Statute of Limitations and a Mortgagee in Possession

Statute of Limitations and a Mortgagee in PossessionGettyImages-1171306967 week of 2.28.22
For a foreclosure commenced in 2010 the Plaintiff elected to call due to the entire amount secured by the mortgage. That action was dismissed in 2012. In 2016, Plaintiff brought an action under New York’s Real Property Actions and Proceedings Law Article 15 (“Action to compel the determination of a claim to real property”) to have the mortgage canceled and discharged of record on the ground that the statute of limitations had expired. The Defendant-mortgagee asserted that Plaintiff had abandoned the property and that Defendant’s being in possession of the property since 2013 pursuant to paragraph nine of the mortgage (“Lender’s Right to Protect Its Rights in the Property”) had tolled the statute of limitations. Under paragraph 9, if the borrower abandoned the property, the mortgagee may “do and pay for whatever is reasonable or appropriate to protect Lender’s interest in the Property and Lender’s rights.”The Supreme Court, Westchester County, grant of the Defendant’s motion for summary judgment dismissing the complaint was reversed by the Appellate Division, Second Department, which also granted the Plaintiff’s motion to dismiss the counterclaim to foreclose the mortgage as being time-barred. According to the Appellate Division, while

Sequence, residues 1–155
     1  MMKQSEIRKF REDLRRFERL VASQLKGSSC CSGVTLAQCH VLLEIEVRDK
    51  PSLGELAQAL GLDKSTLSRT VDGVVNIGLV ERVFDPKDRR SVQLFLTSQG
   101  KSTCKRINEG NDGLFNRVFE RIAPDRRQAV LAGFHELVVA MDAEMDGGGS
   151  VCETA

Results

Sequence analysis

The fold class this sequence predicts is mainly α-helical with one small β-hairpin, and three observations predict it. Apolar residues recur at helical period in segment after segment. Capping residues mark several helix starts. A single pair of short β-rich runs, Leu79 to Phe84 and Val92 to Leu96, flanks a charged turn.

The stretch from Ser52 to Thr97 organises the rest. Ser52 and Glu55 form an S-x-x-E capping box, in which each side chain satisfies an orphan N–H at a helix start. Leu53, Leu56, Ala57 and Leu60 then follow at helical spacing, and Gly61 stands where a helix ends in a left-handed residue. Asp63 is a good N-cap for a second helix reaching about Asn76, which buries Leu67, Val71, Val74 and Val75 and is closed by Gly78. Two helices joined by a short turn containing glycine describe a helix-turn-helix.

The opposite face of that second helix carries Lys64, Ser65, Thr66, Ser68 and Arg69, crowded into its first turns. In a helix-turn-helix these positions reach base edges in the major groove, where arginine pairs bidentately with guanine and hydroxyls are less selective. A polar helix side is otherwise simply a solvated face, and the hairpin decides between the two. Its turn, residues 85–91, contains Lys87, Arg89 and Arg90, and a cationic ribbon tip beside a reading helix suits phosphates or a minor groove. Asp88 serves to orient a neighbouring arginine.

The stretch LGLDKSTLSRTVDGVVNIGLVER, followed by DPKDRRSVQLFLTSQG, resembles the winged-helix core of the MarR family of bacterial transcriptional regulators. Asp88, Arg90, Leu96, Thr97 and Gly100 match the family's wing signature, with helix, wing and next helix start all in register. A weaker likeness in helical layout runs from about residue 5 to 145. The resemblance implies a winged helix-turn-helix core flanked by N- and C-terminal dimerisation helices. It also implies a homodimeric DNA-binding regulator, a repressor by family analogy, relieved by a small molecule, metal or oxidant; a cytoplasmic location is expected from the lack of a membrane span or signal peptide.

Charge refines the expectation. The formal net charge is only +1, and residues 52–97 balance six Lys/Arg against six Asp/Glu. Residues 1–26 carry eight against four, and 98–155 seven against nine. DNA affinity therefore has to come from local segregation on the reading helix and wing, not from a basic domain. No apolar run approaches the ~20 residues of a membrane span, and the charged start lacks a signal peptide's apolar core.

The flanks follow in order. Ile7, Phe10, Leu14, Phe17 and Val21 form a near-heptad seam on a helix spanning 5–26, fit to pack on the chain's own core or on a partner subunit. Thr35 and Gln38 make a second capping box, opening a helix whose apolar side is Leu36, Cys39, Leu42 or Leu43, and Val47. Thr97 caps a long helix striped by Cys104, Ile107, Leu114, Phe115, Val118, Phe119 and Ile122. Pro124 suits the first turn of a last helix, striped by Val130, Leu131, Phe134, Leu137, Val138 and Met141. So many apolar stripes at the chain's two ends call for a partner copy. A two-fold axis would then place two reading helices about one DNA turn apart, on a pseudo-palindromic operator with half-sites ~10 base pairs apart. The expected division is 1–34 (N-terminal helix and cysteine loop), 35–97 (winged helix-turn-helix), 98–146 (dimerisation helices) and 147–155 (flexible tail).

“[t]he statute of limitations will not run against a ‘mortgagee in possession’ since the mortgagor’s consent to that possession is a continuing acknowledgment of the debt [citations omitted]…[T]he mere fact that [the Defendant] took measures to protect its rights in the property under paragraph nine of the mortgage does not establish that the parties reached an agreement for [the Defendant] to take possession of the premises with all the rights and obligations that possession entails. Paragraph nine of the mortgage merely allows the mortgagee to take measures to protect its rights in the property [citations omitted], but the exercise of those rights cannot be construed as the mortgagor’s continuing acknowledgment of the debt so as to toll the statute of limitations.”

Mardenborough v. U.S. Bank N.A., 2022 NY Slip Op 00034, decided January 5, 2022, is posted at

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